How do such practices carry into the future?  To some extent the written word forms a happy medium, in that we're able to have our Skype sessions and hang out on Google, but not bother with a recording, as minute-taking is still the succinct brief we will take with us, along with augmented memories for ourselves.

Practices need not change all that much, in other words.  The need to have every meeting video recorded and archived is not usually felt to be pressing.  On the other hand, living simply does have its advantages when everyone is potentially carrying a recording device and all phone conversations are retrievable.  If you have too many non-matching stories or "sets of books" then the pressure to implode is somewhat exponential in the digital age.

My expectation is that people will keep the Quaker ways alive in a sandbox or virtual space (called "religion"), there to continue fine tuning a kind of utopian business community that self administers and self heals.

Skills acquired practicing Quakerism will inform one's own private businesses thereby.  For example today I plan to reach meeting in time to transact business around coffee.  We have a supplier in Central America, as have we Friends.  The global network keeps talking to itself, including to its Beanites (that's a pun on our propensity to consume coffee, and the name of a founding family in our branches).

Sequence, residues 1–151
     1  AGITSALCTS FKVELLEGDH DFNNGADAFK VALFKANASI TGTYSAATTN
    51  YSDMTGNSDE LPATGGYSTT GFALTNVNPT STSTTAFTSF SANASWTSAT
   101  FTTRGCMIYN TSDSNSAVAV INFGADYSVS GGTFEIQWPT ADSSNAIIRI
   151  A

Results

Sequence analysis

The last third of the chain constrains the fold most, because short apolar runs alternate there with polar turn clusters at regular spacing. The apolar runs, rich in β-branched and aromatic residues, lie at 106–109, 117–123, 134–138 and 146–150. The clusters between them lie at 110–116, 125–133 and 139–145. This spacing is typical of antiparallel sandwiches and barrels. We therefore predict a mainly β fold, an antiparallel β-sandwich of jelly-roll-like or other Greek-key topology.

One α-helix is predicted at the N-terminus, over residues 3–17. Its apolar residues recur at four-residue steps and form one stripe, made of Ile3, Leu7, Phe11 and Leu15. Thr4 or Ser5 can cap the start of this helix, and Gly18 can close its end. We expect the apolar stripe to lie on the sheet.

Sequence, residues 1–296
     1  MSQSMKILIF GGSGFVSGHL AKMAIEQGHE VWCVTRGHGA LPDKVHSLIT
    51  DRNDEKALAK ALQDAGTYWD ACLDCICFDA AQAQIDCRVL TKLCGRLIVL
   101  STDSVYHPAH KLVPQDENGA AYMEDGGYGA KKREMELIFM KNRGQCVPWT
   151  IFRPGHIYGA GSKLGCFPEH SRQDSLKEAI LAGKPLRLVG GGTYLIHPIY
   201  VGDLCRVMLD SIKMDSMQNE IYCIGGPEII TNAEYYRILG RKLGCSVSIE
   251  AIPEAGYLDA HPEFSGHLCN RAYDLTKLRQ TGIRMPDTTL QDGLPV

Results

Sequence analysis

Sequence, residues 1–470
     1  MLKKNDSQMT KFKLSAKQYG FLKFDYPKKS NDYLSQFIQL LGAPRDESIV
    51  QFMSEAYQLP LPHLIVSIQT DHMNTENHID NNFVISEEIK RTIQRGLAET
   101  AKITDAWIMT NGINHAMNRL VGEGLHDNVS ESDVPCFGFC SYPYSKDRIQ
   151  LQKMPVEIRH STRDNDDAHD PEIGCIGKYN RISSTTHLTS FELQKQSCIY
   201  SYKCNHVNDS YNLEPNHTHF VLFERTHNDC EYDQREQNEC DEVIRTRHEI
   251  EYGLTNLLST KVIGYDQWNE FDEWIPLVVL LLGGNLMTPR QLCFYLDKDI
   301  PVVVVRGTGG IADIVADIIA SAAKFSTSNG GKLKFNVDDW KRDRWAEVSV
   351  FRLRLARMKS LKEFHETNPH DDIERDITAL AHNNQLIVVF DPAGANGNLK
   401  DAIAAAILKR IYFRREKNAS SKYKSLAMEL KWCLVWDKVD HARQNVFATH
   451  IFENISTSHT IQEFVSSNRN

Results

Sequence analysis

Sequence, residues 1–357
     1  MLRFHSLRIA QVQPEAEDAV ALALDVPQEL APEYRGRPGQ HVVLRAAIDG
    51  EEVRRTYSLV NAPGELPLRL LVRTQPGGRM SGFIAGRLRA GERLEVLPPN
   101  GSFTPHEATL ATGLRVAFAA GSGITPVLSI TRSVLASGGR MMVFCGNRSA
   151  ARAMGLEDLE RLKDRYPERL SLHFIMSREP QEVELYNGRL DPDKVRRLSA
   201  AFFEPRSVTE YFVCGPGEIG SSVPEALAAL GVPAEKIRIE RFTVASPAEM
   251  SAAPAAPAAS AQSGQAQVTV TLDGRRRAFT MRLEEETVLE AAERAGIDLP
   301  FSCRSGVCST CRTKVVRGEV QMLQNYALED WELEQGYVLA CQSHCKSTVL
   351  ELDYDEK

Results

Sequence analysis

Speaking of Quakers and caffeine, on learning of "Mormon Tea" I was suggesting the Mormon authorities approach such a brand and allow its merchandizing.  Typical of a Quaker to think in that way.  Have little teabags and everything, some semi-fictive Santa Claus background (not my place to make it up).

Friday, October 18, 2013

The Strange Case of Señor Computer (movie review)

Lindsey built this up as the ultimate gift movie experience, a way of paying me back for all the duds we'd hit, not surprisingly, as she and I have watched hundreds of movies together (rough estimate) a lot of them from Dominic's collection at Laughing Horse.  Most of his are pretty good though -- Laughing Horse is a treasure.

Anyway, this movie is camouflauged as a badly directed amateur effort, which gets peoples minds off the budget and special effects.  It's uniformly ridiculous, like Team America, World Police (a relatively high budget film by South Park).